But because we honor Tan, we must also honor her fight with breast cancer as a resource for other women of color facing the fight. As I marched side by side with Antonio several times this last year in alliance with black lives matter, against police brutality and social inequalities I told myself I must do more. More as in, self guided learning on the history, the stories, speaking up, standing up and putting myself between those that inflict harm on others based on the color of their skin, gender, and sexuality. Sadly, I cannot put myself between Cancer and Tan, but I can open my eyes to how Breast Cancer impacts Black Women differently. I am able to speak, write and use my platform to spread knowledge to others hoping that maybe it will assist in mobilizing change in small ways.

Bravery quote poster | Zazzle.com in 2020 | Bravery quotes, Brave quotes,  Quote posters

What I learned that since the 1980’s the recent decline in breast cancer mortality has shown less disparity than the decades before. However in a medical journal authored by Mary A. Gerend and Manacy Pai, Department of Medical Humanities and Social Sciences, College of Medicine, Florida State University, Tallahassee, Florida and Department of Sociology, Kent State University, Kent, Ohio– their findings showed that African American women continue to die from breast cancer at higher rates than do White women. They identified that breast cancer also tends to be a more biologically aggressive disease in African American than in White women. Gerend & Pai noted that the disparity in breast cancer mortality also reflects social barriers that disproportionately affect African American women. These barriers hinder cancer prevention and control efforts and modify the biological expression of disease. Their review was guided by the social determinants of health disparities model, a model that identifies barriers associated with poverty, culture, and social injustice as major causes of health disparities.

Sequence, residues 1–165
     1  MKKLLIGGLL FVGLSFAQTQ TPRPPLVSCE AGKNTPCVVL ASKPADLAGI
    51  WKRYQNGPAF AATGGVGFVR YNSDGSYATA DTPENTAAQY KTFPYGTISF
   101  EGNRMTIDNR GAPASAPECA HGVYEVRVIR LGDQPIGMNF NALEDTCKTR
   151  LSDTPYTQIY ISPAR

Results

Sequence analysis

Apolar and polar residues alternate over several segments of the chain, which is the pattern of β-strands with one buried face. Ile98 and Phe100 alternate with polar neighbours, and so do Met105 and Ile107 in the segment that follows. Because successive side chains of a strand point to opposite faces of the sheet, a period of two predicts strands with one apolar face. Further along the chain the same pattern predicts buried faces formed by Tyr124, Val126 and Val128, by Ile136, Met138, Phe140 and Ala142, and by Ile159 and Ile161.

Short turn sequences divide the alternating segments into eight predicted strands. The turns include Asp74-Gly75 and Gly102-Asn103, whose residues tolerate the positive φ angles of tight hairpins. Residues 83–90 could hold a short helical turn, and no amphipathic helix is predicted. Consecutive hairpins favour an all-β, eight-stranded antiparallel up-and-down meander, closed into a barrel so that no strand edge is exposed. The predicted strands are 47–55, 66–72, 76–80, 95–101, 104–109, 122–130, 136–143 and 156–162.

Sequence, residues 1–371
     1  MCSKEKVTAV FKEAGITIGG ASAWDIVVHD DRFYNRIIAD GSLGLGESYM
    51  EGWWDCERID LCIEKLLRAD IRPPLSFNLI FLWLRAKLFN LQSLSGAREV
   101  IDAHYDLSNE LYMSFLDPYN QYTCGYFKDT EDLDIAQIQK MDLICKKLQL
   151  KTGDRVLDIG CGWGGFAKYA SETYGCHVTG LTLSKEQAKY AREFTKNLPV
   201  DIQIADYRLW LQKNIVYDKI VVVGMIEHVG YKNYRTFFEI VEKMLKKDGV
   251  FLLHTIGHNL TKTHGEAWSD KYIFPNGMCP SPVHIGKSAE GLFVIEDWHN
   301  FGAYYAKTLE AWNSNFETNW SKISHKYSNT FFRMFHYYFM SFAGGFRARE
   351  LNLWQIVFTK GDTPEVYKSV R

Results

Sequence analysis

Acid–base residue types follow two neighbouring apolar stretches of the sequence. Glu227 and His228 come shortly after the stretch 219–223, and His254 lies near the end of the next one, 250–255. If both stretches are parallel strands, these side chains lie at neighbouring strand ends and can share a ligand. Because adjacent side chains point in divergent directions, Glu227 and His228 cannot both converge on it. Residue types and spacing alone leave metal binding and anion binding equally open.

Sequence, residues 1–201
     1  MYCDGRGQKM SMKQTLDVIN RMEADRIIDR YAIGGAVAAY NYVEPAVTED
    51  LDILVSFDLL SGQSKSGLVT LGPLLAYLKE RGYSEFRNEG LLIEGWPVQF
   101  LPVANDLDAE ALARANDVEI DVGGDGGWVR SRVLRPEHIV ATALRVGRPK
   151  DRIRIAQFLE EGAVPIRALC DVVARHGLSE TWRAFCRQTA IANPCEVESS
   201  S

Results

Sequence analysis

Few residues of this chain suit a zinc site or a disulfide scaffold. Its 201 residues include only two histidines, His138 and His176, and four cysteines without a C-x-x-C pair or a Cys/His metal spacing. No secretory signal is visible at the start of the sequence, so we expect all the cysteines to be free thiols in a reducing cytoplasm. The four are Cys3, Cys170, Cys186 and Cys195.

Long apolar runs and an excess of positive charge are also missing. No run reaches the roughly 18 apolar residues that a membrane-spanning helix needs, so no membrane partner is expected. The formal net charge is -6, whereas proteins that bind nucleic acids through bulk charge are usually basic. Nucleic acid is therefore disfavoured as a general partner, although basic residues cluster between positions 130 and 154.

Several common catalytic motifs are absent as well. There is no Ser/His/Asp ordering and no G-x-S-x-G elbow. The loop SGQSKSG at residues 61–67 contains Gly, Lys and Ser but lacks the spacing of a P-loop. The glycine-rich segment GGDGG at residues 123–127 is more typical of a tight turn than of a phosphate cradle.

The review provided helpful recommendations highlighted below that address those certain social
barriers (e.g., poor access to care, inadequate health insurance) will require major health care system changes. The current presidential race couldn’t matter more than ever, but with that circus aside, focusing on smaller areas of emphasis can be considered.

Breast Cancer Prevention:
Focusing on prevention on known risk factors such as postmenopausal obesity. Prevalence of postmenopausal obesity in African American women is high. Data from the 2003 to 2004 National
Health and Nutrition Examination Survey indicated that for 58% and 17% of African American women aged 40 to 59 years met criteria for obesity (body mass index) or extreme obesity (body mass index, z40), respectively. Obesity prevention programs that focus z30) on healthy culturally appropriate foods, increased fruit and vegetable intake, and higher levels of physical activity should be implemented. Such programs could reduce risk for breast cancer and a host of other chronic conditions prevalent among African American women.

Mammography Screening: